Network Designs that Support SDN

Author
Terry Slattery
Principal Architect

In my quest to really understand SDN, I’ve been reading a number of research papers and watching presentations by industry researchers. It has been quite educational and I thought that it would be useful to share the references.

I’ve found that the traditional three-tiered network design (core, distribution, access) has been replaced with designs that can provide full bandwidth (i.e., maximize the bisectional bandwidth – see below) between any two nodes with a nominal amount of extra network equipment. These network designs do not rely on oversubscription. This means that workloads can be placed anywhere within these network designs without concern that an uplink will become overloaded.

Bisection Bandwidth

You’ll encounter the term “bisectional bandwidth” or “bisection bandwidth” in a number of the papers that I’ll reference. It refers to the minimum bandwidth between two halves of a network for any arbitrary division of that network. See Wikipedia Bisection Bandwidth. You can think of it as the minimum bandwidth available between any two arbitrary nodes in the network. Obviously, a network with high bisectional bandwidth will have better overall performance for any arbitrary work load.

The first paper is the Cisco Massively Scalable Data Center (MSDC) Design and Implementation Guide. It discusses the traditional three-tiered network design and describes the Leaf and Spine network topology, which is actually a Clos Network design (see below). There is a discussion of the type of blocking that can occur due to oversubscription in a traditional design, then it describes how a Leaf-Spine (the MSDC doc also calls it a Folded CLOS design) network avoids the blocking. It also discusses other types of networks, such as Fat Trees. I found it to be good reading on the basics. Web searches turned up other interesting papers and blog posts about Clos topologies and their characteristics.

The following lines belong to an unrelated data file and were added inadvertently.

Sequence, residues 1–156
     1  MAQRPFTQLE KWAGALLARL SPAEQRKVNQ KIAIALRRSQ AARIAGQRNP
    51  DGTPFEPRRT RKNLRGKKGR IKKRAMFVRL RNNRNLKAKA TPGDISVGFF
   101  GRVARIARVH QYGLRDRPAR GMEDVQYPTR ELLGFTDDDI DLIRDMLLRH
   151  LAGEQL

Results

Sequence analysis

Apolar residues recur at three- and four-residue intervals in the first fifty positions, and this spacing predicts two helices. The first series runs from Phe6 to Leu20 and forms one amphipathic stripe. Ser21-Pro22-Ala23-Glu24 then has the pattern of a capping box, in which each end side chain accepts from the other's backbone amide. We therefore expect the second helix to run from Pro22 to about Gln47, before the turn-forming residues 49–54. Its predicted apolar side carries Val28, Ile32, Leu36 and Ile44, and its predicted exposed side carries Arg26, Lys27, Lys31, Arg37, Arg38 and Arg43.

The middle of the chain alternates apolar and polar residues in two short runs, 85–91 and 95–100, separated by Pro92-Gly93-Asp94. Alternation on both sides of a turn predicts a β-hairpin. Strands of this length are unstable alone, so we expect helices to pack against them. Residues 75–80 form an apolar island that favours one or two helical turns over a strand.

What is a Clos Network and a Leaf-Spine Network?

Charles Clos was a mathematician who created the theory of a non-blocking topology that allows full bandwidth between any two arbitrary nodes. A Leaf-Spine network is a representation of a Clos network. See Ivan Pepenljack’s post Full Mesh is the Worst Possible Fabric Architecture to see how a Leaf-Spine network is just a Clos network, only pictured differently. Note that there are instances in which an existing flow between two nodes must be moved to another path in order to provide full, non-blocking bandwidth for a new flow between two other nodes. But there will always be a set of paths that allow any pair of nodes to communicate at the node’s full link speed. I will use the term “Leaf-Spine” in the remainder of this blog for consistency and to match the term that seems to be more generally accepted.

Next on my reading list was a pair of papers from Stanford and Berkeley: On the Optimality and Interconnection of Valiant Load-Balancing Networks and Designing a Predictable Internet Backbone Network.

These papers describe using a slightly overbuilt Leaf-Spine design with random distribution of the traffic between the spine nodes to allow an arbitrary traffic mix to be supported at extremely high link utilizations in the face of network device and link failures. If you look at most three-tier networks, there are conditions under which congestion at aggregation points prevents support of some traffic mixes. In general, the overall network utilization of three-tier networks tends to be relatively low, in order to handle the peak mix of arbitrary traffic loads. QoS is often used to handle the congestion that results from these bursts. One of the key pieces of technology is Valiant Load-Balancing (VLB – see below), which distributes the traffic over multiple spine switches in order to achieve full cross-sectional bandwidth.